With Media Chinese International (00685.HK), which owns Mingpao Daily, confirming that it is in the process of selling its magazine subsidiary One Media Group (00426.HK), all eyes are on the future of a prized asset – 100Most.
100Most, arguably Hong Kong’s hippest youth-oriented media platform that thrives on creative derivative works, is a subsidiary of Blackpaper, in which One Media Group invested HK$1 million for a 10 percent stake four years ago.
It is believed that 100 Most has seen big jump in valuation, especially after it launched TVMost, a short film and video website, and quickly gathered close to 700,000 likes on Facebook.
On Monday, 100Most organized its first-ever awards ceremony. The event, held at the Queen Elizabeth Stadium, was reminiscent of the annual music awards organized by TVB and the three local radio stations.
There was a lot of social media buzz and everyone seemed to have had a good time.
While it is anybody’s guess as to who will buy out the 10 percent stake in Blackpaper if there is a sale of One Media Group, I am surprised that no one has speculated that it could be Blackpaper itself which might take over the One Media Group.
It would be a Facebook-like social media play that is both popular and profitable.
Blackpaper is a little miracle in itself. Found by three former Commercial Radio disc jockeys, including Lam Yat-hei (real name Roy Chui), in March 2013, its first magazine “100Most” managed to break even within six months after launch.
As opposed to the mainstream glossies and their paparazzi style of reporting, 100Most, which is published every Thursday, specialized in listing the 100 most popular items in the week, with each item ranging between 100 and 500 Chinese words.
The main idea was creating derivative works that were meant to be funny and reflective of the general mood of our youngsters, many of who would label themselves as “junk youngsters (廢青)”.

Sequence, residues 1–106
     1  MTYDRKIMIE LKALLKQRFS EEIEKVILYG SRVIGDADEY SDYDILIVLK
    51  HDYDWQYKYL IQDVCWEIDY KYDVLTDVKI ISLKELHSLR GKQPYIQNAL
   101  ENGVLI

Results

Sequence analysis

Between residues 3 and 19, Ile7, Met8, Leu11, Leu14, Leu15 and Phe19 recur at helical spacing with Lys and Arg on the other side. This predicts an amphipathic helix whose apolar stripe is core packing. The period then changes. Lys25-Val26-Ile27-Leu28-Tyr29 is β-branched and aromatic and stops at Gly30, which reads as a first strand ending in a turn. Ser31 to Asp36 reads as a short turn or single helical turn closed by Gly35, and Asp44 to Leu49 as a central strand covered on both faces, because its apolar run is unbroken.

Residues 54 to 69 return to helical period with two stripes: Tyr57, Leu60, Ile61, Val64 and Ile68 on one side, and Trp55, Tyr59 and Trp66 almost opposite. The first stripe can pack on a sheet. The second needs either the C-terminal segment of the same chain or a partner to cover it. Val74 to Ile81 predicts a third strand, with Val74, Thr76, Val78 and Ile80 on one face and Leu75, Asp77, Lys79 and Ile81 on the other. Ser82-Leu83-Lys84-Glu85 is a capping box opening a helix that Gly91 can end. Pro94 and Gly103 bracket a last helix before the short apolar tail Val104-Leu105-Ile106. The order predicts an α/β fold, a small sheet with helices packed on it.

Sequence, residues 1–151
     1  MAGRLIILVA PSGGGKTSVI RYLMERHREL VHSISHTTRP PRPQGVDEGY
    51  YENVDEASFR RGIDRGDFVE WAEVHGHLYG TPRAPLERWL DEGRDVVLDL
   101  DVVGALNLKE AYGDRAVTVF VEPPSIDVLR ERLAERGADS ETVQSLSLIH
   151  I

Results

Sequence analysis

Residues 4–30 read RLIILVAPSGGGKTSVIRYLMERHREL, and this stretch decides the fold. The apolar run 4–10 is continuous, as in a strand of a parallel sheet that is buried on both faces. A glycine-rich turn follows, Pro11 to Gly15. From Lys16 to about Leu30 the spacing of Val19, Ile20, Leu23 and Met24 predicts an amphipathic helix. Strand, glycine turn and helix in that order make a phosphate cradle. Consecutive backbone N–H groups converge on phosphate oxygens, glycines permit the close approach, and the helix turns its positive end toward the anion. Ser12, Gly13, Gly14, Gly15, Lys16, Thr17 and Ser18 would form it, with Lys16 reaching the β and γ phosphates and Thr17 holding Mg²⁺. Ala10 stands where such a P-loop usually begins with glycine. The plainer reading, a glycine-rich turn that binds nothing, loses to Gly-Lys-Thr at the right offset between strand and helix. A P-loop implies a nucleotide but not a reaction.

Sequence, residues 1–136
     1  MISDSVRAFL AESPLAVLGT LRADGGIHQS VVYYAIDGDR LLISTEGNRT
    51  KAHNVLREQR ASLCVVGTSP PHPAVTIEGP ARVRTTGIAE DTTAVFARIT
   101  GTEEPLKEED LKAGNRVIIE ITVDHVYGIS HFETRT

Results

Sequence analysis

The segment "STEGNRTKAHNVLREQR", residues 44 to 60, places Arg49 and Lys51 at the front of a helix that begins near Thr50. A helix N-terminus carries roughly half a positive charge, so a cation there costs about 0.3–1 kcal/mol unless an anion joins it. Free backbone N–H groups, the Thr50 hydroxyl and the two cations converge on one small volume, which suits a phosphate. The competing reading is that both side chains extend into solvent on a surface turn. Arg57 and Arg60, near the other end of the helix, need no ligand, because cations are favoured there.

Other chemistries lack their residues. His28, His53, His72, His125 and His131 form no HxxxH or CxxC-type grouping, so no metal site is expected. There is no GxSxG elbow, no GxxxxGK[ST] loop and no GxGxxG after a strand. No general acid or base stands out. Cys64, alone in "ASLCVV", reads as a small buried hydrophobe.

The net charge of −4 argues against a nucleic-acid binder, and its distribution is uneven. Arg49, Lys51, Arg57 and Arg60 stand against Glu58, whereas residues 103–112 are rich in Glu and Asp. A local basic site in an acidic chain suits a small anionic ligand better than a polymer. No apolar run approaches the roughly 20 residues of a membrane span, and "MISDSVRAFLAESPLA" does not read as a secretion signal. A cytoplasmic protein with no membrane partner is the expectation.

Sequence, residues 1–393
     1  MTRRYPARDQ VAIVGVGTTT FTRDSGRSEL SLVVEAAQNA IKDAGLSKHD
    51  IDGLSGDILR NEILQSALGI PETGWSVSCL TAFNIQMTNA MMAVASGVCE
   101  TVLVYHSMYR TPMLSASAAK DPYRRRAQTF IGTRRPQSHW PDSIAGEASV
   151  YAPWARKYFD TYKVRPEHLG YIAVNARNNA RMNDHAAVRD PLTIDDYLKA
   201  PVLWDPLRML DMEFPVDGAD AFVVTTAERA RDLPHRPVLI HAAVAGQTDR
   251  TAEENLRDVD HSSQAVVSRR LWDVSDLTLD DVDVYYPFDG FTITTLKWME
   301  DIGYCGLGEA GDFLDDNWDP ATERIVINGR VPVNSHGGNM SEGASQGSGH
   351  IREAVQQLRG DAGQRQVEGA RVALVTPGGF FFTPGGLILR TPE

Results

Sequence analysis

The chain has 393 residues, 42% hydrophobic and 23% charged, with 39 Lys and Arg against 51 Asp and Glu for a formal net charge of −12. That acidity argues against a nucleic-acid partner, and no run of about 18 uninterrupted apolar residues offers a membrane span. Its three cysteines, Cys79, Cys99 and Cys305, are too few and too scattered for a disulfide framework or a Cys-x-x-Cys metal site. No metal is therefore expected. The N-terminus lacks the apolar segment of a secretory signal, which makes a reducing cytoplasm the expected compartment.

Last May, 100Most developed an online TV platform that produces a daily news clip, quickly winning the hearts of the targeted young audience.
Many artists, politicians and former TV anchors showed up in their programs, fueling intense online discussions.
A recent episode, for instance, featured Lau Ming-wai, the “dream guy” son of property tycoon Joseph Lau Luen-hung and the chairman of the government’s Commission for Youth.
As noted in a One Media Group document, Blackpaper is now officially a company that provides creative multimedia services and advertising campaigns. In the year ended March 2015, it posted a satisfactory financial performance.
The company recorded HK$21 million in turnover and HK$8 million in gross profit, and managed to deliver a dividend of HK$40,000 to One Media Group.
We can only dream how hot Blackpaper will be when it files for a listing on the Hong Kong Stock Exchange, or possibly China’s New Third Board — which is notorious for offering valuations of over 100 times earnings.
Meanwhile, let us also not rule out the possibility that the company could make an attempt at backdoor listing — via One Media.
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